Friday, September 14, 2007


Oh boy, they feed you well on this train. Far too much to work off when you spend most of the day riding.

This morning we visited the Glenmorangie distillery and took the tour through the production facitlities. Not previously being a fan of Scotch, I found several interesting aspects of its production:
* the amount of CO2 produced during the second soaking of the barley is quite obnoxious
* the stills at Glenmorangie are 17 feet high, the highest in Scotland.
* Most of the flavor of the scotch is taken up from the barrels it is aged in.
* They use oak barrels produced in Missouri, but new barrels are too new for Scotch
* For the first 3 years, the barrels are used for Bourbon production.
* The barrel tops are painted red, and the first lot of Scotch is aged in them for 10 years.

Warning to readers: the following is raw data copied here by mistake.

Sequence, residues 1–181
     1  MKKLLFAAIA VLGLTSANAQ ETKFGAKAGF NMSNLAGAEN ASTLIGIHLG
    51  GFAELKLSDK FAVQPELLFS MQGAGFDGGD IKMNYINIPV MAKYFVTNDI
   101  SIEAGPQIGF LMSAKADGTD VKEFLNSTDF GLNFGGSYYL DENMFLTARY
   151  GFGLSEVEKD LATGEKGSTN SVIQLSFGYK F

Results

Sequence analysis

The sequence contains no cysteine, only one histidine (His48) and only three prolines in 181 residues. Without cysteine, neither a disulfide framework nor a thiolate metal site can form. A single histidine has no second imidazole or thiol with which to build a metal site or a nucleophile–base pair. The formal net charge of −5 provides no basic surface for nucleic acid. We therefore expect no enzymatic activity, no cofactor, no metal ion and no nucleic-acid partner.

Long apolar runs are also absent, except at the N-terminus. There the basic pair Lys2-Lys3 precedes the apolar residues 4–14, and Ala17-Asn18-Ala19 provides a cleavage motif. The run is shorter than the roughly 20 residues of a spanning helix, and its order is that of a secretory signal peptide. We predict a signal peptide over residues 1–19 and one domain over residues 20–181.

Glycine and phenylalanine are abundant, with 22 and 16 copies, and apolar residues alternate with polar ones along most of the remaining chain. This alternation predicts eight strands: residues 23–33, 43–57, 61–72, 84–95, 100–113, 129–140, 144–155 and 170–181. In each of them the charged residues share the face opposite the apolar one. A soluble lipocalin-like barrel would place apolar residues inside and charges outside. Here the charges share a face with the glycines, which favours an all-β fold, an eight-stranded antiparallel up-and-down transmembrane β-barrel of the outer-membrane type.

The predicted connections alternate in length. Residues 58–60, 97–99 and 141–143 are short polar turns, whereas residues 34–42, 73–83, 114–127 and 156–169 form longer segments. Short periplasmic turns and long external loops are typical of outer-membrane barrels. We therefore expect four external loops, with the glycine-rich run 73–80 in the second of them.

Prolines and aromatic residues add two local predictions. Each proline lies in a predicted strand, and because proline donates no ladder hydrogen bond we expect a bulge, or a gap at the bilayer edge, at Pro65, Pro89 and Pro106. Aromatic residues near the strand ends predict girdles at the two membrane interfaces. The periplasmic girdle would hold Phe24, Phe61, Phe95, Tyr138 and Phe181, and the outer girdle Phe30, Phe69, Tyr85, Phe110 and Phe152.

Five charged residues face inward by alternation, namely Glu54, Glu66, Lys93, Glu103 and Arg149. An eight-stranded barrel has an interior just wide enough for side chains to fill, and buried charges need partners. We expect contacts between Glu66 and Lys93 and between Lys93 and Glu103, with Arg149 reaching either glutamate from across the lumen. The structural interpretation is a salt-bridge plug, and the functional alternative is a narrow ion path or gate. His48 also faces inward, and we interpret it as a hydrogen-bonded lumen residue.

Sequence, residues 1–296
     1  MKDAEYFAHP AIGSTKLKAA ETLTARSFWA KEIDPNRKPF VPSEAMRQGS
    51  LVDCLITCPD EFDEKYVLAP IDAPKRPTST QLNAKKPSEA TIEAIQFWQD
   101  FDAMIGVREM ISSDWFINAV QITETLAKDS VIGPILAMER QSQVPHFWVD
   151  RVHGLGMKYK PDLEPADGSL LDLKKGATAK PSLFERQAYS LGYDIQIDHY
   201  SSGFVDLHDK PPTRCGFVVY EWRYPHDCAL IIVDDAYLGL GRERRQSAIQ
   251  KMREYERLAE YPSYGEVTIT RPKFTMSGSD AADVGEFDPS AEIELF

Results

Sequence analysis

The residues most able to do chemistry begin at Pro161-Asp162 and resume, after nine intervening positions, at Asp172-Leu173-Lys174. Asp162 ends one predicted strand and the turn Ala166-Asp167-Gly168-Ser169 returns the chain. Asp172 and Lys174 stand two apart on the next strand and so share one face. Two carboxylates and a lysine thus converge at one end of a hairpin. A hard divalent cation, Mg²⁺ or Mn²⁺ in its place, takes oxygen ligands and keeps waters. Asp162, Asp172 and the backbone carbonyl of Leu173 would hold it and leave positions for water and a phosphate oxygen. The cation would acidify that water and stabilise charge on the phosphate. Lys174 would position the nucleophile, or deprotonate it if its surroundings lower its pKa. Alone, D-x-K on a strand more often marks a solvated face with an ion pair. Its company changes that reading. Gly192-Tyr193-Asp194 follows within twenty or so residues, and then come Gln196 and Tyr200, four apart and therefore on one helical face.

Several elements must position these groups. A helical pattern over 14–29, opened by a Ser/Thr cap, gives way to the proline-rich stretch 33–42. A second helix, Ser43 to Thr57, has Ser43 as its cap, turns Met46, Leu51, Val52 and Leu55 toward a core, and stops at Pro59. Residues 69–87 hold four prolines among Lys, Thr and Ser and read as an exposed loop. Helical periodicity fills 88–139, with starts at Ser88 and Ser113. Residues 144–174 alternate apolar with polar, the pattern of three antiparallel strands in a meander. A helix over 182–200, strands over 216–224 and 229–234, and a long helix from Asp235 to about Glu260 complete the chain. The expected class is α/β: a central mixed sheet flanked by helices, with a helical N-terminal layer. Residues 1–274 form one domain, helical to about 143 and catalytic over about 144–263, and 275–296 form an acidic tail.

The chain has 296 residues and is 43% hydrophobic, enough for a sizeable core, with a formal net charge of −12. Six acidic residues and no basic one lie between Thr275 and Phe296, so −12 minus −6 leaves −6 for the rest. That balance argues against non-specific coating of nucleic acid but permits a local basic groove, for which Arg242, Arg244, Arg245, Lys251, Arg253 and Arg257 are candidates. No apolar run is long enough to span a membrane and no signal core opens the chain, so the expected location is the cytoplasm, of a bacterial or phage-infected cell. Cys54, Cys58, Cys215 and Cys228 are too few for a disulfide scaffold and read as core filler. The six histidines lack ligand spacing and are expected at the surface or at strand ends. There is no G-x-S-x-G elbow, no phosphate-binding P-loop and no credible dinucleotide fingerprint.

* The barrel tops are painted black, and used for a second round of 10 yo Scotch.
* 20 yo scotch is produced by taking the 10 yo scotch and aging it for another 10 years in another round of red-labeled barrels.
* Special varieties of single malt scotch are made by using barrels that had previously been used to age port or sherry, rather than bourbon.
* The Scottish tax on whisky is 67%, due upon its exit from the warehouse.
* A very small amount of added water (1/2 tsp/dram) separates the oils and focused the flavor.
* You can only by Glenmorangie scotch at the distillery or Heathrow at the moment.

Too bad, I thought it tasted pretty good.

1 comment:

Erin said...

I see Glenmorangie all over the place - maybe it was a special year or something they only have at Heathrow and the distillery? Christopher is especially partial to the Glenmorangie Port Wood. They leave it to age in port barrels so it's got this nice sweet finish to it.

We visited distilleries for Cardhu and Macallan when we were up in Speyside a couple years ago.